July 15 marked the day that would have nullified another Bush-era act in regards to the environment. It would have been a day for the Southern Utah Wilderness Alliance (SUWA), the Natural Resources Defense Council, and the Wilderness Society to cheer. It would have been a day that released around 15,000 acres of sensitive land from the firing squad of oil and gas development. It would have been. But it wasn’t.
Despite appeals from SUWA and other groups, the Interior Board of Land Appeals issued a decision upholding a 2006 oil and gas lease sale. The groups challenging the original decision claim that the sale, which took place in November of 2006, compromised sensitive lands and that development of those lands would not meaningfully contribute to the nation’s or the state’s energy supplies. They also argued that BLM’s leasing decision violated important federal environmental and historic preservation laws.
Some of the 15,000 acres are located in an archaeologically-rich region in far southeastern Utah in an area known as Monument Canyon while other leases are near the iconic White River in northeastern Utah, above the Colorado River east of Moab, and along the western shore of the Great Salt Lake.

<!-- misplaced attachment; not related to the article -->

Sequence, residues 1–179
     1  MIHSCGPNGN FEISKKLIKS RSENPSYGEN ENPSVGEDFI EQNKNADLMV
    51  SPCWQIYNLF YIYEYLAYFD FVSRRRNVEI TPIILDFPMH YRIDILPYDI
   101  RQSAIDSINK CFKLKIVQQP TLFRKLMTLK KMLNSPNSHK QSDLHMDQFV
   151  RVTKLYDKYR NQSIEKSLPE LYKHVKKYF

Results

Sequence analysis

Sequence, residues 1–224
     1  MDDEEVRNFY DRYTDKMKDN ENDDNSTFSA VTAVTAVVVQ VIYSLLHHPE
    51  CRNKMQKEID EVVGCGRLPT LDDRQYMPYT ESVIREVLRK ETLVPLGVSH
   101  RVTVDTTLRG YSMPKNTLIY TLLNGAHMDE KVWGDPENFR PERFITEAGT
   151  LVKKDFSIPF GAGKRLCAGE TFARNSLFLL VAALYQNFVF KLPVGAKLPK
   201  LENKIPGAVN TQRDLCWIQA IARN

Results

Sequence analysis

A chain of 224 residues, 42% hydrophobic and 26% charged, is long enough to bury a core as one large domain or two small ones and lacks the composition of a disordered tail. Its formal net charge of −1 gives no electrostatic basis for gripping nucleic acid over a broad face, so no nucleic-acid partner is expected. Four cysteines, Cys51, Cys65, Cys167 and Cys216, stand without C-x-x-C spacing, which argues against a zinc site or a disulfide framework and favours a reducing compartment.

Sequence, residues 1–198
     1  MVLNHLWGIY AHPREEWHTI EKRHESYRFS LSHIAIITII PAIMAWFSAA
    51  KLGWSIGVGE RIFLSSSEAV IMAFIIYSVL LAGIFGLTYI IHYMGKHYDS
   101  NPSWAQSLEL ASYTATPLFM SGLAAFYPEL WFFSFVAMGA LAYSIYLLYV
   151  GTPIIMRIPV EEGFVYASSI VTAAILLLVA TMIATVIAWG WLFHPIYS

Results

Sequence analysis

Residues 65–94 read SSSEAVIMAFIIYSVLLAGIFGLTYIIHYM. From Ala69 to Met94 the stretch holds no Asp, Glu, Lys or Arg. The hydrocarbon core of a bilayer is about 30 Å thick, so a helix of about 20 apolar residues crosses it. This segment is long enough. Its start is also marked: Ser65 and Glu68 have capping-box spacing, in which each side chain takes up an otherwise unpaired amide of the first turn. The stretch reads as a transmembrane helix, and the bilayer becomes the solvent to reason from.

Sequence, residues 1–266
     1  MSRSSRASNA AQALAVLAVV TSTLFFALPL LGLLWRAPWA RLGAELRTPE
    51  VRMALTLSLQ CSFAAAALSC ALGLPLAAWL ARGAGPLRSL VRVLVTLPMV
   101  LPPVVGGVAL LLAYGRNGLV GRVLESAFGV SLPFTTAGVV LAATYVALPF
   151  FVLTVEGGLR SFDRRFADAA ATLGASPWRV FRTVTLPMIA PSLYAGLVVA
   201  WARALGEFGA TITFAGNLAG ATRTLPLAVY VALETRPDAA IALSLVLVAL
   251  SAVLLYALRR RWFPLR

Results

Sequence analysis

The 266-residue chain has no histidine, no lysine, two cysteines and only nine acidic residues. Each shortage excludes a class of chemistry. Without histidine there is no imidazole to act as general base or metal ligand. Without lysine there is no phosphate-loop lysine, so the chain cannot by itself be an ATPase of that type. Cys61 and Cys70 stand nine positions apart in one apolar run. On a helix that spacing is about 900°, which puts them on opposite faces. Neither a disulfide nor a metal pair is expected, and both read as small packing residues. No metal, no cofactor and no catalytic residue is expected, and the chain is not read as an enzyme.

While the news that the lands have been allowed to be developed comes with a sting, there is a slight ray of hope. The decision made by the Board of Land Appeals did not approve any drilling. Owners of the lands will be required to seek and obtain approval by federal and state agencies before they can begin this next round of activities.
The conservation groups are reviewing the Board’s decision and will decide shortly on their next steps.
Photo Credit: Carolannie via flickr under Creative Commons License